Tag Archives: nuclear free middle east

Why Nuclear Weapons are Here to Stay

 More details A Soviet inspector examines a BGM-109G Gryphon ground-launched cruise missile in 1988 prior to its destruction. Image from wikipedia

[D]espite the establishment in 2009 of [a process to] discuss multilateral disarmament, not much has happened. The main reason is the chilling of relations between Russia and the West, which predated Russia’s annexation of Crimea. An offer by Mr Obama in 2013 of new negotiations to reduce each side’s stock of warheads by a third was met with stony silence.

More recently Russia has, according to America, violated both the 1987 Intermediate Nuclear Forces treaty, by testing a banned missile, and the Budapest Memorandum of 1994 that guaranteed Ukraine’s security when it gave up the nuclear weapons it had inherited on the break-up of the Soviet Union. The Russians are also refusing to attend next year’s Nuclear Security Summit, a meeting to prevent fissile material falling into the wrong hands.

Without further cuts in American and Russian nuclear forces (which account for more than 90% of the world’s nuclear weapons), China, the most opaque of the P5 power (US, UK, Russia, China, France), will block attempts to get multilateral disarmament talks going. However, Rose Gottemoeller, America’s under-secretary of state for arms control, praises China for its leading role in producing a common glossary of nuclear terminology. This may not sound much, but it is seen within the P5 as essential for future negotiations.

Ms Gottemoeller is also keen to stress that, despite the Russian impasse, America has tried to meet its obligations. It is eliminating “excess” warheads at the rate of almost one a day and closing down old bits of nuclear infrastructure. …It is doubtful whether these modest, incremental efforts will cut much ice with the Humanitarian Impacts of Nuclear Weapons Initiative, a movement supported by civil-society groups and championed by Austria, Norway and Mexico. Faced with what they see as foot-dragging by the P5 (which are modernising their nuclear forces to maintain their long-term effectiveness), the initiative’s backers, some of which want to make nuclear weapons illegal, may question whether working through the NPT serves any purpose…

Another source of friction is the failure to hold the conference on creating a WMD-free zone in the Middle East that was promised in 2010. Israel,…insists that regional security arrangements must precede any talks on disarmament, whereas Egypt says the first step is for Israel to accede to the NPT—a non-starter.

Excerpts from Nuclear weapons: Fractious, divided but still essential, Economist, May 2, 2015, at 54

How Israel Nuclear Ambiguity Benefits the United States

isreal nuclear weapons. image from wikipedia

Defense officials are fighting a three-year-old request under the Freedom of Information Act to release a 1987 report supposedly discussing Israel’s nuclear technology.  Grant Smith of the Institute for Research: Middle Eastern Policy  filed the request in 2012 and raised the issue in court after he said the request “went nowhere” for several years. He has been a critic of many U.S. policies related to Israel and of what he believes to be the inordinate influence of Israel in the American government.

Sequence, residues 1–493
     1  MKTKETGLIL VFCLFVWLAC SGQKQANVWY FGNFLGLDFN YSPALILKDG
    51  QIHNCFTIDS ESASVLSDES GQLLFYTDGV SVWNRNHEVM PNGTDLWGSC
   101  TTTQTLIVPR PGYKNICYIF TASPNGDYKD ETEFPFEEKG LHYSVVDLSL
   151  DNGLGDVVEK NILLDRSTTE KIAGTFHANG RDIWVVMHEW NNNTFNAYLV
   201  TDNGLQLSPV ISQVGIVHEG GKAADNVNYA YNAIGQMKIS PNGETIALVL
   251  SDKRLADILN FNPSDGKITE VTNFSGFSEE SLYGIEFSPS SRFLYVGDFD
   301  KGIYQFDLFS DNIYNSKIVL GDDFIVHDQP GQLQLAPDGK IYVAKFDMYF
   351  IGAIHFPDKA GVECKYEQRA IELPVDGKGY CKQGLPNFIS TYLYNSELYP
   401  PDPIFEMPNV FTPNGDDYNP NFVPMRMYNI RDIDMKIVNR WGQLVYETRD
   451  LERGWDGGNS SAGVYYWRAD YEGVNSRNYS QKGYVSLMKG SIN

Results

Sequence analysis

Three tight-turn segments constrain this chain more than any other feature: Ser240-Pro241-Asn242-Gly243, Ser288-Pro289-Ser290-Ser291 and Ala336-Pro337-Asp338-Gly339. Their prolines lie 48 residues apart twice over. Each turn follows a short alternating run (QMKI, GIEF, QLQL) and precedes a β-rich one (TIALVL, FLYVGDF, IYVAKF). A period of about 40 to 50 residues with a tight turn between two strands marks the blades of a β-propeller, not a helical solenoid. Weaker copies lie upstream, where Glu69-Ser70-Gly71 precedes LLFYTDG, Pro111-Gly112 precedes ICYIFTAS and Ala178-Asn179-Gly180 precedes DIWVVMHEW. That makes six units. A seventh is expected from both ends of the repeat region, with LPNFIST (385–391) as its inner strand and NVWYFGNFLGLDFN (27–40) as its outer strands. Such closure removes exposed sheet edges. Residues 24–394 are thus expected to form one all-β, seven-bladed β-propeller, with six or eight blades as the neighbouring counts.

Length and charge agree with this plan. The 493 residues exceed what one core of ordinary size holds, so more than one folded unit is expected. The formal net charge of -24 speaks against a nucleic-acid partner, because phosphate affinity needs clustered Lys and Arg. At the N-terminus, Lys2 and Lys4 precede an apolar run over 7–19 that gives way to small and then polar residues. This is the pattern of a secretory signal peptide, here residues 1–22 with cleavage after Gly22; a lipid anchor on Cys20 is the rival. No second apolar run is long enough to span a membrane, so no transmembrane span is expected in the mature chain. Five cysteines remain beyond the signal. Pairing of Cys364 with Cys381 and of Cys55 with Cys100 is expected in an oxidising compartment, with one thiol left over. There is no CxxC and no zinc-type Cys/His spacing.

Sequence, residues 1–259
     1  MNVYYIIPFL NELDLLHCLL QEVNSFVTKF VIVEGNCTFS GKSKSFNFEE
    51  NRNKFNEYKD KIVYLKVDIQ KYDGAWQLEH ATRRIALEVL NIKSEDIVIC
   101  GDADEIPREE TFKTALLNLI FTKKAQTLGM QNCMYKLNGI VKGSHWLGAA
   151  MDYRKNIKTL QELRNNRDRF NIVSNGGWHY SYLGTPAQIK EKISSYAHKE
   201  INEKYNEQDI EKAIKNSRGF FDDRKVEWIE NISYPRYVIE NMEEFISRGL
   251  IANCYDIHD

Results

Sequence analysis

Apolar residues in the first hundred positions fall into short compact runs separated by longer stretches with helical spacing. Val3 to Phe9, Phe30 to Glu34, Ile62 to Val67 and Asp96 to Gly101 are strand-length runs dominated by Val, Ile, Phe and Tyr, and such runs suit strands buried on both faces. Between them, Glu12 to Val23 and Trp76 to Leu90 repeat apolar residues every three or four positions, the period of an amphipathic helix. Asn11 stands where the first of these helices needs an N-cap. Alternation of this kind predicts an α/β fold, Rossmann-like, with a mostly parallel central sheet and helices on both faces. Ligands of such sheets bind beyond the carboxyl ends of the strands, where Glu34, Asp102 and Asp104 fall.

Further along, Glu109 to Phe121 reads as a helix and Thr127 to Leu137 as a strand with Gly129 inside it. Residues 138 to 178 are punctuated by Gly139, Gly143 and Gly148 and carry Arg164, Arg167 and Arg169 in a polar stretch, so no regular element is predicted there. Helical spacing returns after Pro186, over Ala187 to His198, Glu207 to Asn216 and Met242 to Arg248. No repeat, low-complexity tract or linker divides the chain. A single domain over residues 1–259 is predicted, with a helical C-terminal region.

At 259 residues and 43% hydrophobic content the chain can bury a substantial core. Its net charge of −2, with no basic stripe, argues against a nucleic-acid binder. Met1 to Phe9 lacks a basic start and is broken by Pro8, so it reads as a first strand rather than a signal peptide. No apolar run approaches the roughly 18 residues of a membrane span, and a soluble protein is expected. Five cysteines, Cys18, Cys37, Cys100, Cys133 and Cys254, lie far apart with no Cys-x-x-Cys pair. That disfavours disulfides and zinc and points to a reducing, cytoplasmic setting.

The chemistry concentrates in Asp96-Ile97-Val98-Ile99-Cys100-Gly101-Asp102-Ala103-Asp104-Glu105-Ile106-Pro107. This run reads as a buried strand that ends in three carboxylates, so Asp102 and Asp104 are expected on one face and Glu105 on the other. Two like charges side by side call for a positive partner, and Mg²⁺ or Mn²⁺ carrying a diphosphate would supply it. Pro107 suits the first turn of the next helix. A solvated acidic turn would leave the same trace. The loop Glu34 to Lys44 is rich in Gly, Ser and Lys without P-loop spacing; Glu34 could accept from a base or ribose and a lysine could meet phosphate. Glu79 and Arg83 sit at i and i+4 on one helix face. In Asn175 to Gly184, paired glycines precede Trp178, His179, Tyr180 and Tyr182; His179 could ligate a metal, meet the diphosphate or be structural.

In a seldom-used legal move known as optional review, Pentagon officials have asked the Israeli government to review the report before they consider releasing it.  Smith said the Defense Department has denied being able to locate the report, claimed it contained sensitive Israeli government information and cited FOIA exemptions, non-disclosure agreements and patents to intellectual property rights in its efforts to block the release of the report.

The unclassified report in question, titled “Critical Technology Issues in Israel and NATO Countries,” has surfaced in media stories and nonprofit research but has never been released to the public, according to court documents filed by Smith.  Smith’s legal complaint mentioned a 1995 publication called the Risk Report, which supposedly cited findings from the Pentagon document without referencing it by name.  The Risk Report claimed “the United States approved the sale of powerful computers that could boost Israel’s well-known but officially secret A-Bomb and missile programs” and identified the report only as “a 1987 Pentagon-sponsored study.”

Smith called the Department of Defense’s decision to seek Israeli approval a “cover-up” in the response he filed with the court Jan. 7.  “There is pressing urgency to release this report in the current context of regional nuclear negotiations which can only have a productive outcome if Americans and other concerned parties are more fully informed of the true state of affairs,” his response said.

Jonathan Schanzer, vice president for research at the Foundation for Defense of Democracies, called the likely existence of Israeli nuclear weapons an “open secret” in the international community….Israel… has never disclosed its alleged arsenal, nor has the U.S. ever formally acknowledged its existence….

Making sure that the Israelis have the ambiguity they need on nuclear issues actually boosts our nonproliferation diplomacy by preventing tensions in the region and backlashes from Israel’s neighbors,” said the official, who requested anonymity.

U.S. District Court Judge Tanya Chutkan issued an order Jan. 8, 2015 requiring Defense officials to say whether they planned to invoke a non-disclosure provision that would allow them to keep the report secret at Israel’s request by Feb. 12. If not, Chutkan will begin the process of privately reviewing the report herself.  Defense officials said they expect the Israeli government to complete its review of the report by Jan. 16, 2015

BY SARAH WESTWOOD , Legal battle to publish unclassified DOD report on Israeli nukes nears end, Jan. 8, 2015